Microsoft has taken its server OS a giant step forward with yesterday’s release of Windows Server 2012, making this version the first that can be controlled remotely so it is more suitable for data centres.
“Microsoft has delivered on the promise of an operating system that can be completely managed from the command line,” said Don Jones, an author of a series of Windows 2012 instructional videos that have been released by the training firm CBT Nuggets.
“The technologies are in place to manage 100 servers as easily as you can manage one server,” he added.
The first major upgrade since 2009 features a bevy of new features, most designed to make it more suitable for large-scale data-centre deployments. Satya Nadella, Microsoft president for Server and Tools, has touted this release as Microsoft’s “Cloud OS.”
Microsoft’s Hyper-V virtualisation can now support up to 64 virtual processors and 1TB of memory for guests, a marked improvement from the old limit of four virtual processors and 64GB of memory. The Server Message Block (SMB) network communication protocol has been updated to handle faster data transfers and the OS’s Server Manager has been updated to handle multiple servers at once.
But perhaps the most significant enhancement is one that may not be noticed among these flashy new features. Thanks to the inclusion of the PowerShell, first introduced six years ago, this will be the first version of Windows Server that can be completely controlled through the command line, making it controllable remotely.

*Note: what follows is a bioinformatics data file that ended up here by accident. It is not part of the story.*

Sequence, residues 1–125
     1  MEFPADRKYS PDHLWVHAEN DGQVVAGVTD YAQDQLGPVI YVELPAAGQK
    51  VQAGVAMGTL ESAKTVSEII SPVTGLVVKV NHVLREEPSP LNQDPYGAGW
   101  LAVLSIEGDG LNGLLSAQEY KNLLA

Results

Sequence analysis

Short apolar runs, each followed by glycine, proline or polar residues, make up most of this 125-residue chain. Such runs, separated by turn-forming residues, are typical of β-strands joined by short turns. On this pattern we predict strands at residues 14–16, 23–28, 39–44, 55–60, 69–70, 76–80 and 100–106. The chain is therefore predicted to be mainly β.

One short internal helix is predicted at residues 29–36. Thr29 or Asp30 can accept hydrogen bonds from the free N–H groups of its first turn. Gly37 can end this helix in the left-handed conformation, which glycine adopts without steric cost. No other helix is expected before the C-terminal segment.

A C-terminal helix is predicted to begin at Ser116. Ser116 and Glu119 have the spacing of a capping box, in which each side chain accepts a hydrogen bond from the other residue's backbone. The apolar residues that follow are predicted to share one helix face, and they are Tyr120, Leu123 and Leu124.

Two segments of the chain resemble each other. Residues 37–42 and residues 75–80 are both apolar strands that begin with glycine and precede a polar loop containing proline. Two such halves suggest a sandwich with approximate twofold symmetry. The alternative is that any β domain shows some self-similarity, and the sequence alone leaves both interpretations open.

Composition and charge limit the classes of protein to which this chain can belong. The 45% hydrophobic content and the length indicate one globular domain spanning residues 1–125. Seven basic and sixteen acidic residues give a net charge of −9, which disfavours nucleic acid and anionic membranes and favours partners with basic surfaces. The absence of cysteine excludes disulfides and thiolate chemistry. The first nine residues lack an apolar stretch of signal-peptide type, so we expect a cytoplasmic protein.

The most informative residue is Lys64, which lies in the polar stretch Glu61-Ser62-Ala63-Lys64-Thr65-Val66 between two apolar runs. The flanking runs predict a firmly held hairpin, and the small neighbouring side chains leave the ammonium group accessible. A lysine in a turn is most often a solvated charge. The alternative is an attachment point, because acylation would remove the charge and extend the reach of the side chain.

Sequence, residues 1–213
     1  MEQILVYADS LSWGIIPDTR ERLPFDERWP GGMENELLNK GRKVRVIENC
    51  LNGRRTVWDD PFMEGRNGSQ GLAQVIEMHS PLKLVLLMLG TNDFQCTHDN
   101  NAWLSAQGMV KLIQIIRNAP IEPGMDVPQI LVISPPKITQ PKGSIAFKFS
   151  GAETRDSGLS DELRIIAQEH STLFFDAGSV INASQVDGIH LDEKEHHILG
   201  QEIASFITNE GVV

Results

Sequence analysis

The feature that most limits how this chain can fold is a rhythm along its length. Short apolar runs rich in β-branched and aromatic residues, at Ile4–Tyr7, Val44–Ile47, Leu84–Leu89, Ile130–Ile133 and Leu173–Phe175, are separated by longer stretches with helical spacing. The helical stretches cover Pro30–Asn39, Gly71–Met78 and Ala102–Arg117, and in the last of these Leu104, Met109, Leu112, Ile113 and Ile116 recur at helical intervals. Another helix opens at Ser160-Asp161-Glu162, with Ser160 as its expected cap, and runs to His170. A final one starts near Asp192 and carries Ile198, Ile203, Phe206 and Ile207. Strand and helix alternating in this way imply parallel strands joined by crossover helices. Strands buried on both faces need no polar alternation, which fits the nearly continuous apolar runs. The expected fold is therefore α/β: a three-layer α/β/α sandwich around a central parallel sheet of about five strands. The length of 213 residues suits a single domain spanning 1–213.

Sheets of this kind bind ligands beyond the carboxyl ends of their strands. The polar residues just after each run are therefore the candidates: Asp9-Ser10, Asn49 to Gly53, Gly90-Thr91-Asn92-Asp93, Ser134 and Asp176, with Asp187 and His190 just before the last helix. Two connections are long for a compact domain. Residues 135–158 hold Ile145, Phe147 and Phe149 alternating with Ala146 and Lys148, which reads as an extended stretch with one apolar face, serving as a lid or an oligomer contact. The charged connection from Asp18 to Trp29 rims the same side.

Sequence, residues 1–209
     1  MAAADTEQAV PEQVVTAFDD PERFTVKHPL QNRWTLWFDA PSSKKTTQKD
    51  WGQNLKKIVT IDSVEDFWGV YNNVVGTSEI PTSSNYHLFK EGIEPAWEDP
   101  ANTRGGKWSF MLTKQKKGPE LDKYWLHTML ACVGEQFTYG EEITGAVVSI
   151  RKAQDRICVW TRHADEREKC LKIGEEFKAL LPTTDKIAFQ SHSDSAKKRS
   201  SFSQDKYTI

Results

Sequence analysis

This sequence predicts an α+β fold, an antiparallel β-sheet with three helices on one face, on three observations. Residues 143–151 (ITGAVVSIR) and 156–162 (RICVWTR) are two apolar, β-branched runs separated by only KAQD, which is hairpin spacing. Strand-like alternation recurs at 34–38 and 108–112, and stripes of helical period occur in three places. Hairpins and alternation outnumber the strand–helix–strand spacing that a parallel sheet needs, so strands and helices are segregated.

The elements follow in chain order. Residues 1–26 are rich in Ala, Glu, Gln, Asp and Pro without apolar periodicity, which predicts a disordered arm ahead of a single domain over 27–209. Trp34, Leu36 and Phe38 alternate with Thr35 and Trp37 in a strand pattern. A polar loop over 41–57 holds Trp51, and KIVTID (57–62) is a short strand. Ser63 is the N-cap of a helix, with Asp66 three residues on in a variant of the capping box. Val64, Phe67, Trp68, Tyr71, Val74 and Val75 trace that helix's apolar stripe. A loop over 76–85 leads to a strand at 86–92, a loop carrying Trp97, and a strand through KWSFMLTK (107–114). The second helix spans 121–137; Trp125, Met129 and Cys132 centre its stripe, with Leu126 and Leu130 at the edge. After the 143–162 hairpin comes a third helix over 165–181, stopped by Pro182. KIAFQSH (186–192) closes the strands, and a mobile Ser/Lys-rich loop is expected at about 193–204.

PowerShell provides the Windows similar capabilities that chief competitor Unix has long offered, such as the ability to forward, or pipe, the output of one process to the input of another process. It even adds a few new tricks, such as the ability to handle software objects, which have come about from studying Unix’s limitations. “It is an incredibly well-designed shell,” Jones said.
Of course, the GUI is still available for those who require it, but “you can remove the GUI and it will be a fully functional server,” Jones said. Doing away with the need for a GUI (graphical user interface) means that servers can be managed more efficiently in multiple numbers, Jones said. “If you are still using management techniques where you are still physically touching the server, you need to move to the 21st century and managing it like a server in a data centre.”
For instance, an administrator may now have to execute a routine task on a server once a week — such as backing up data — by clicking through a series of options on a graphical program. With the command line, the administrator can write a script in PowerShell to run though all of those steps automatically and that script can run against multiple machines.
PowerShell may require some studied learning for those used to GUIs, but it is time well invested, Jones said, adding that his videos were designed to help give users an introduction to the technology. In addition to PowerShell, Windows Server 2012 also features a data-centre-friendly installation method called Server Core, which provides a way to install the OS over the network.
One hardware partner, Dell, has wasted no time in updating its line of servers to run Windows Server 2012. The company designed its PowerEdge 12th generation (12G) servers around Windows Server 2012. The new blade, rack and tower servers run Intel Xeon E5-2600 processors and feature extreme memory density, hot-swappable hard drives and solid state drives, and a range of advanced features to support networking.
Microsoft “engineered the Windows Server 2012 for the private cloud. Our part of the equation is to deliver hardware and systems that are enabled for virtualisation,” said Brian Payne, executive director of Dell PowerEdge servers. The 12G was designed to host the many multiple virtual machines that Hyper-V can host, he noted. Dell also designed software to take advantage of Windows Server 2012’s ODX (Offload Data Transfer) protocol, which allows data to be moved among different server nodes without the need of the server CPU.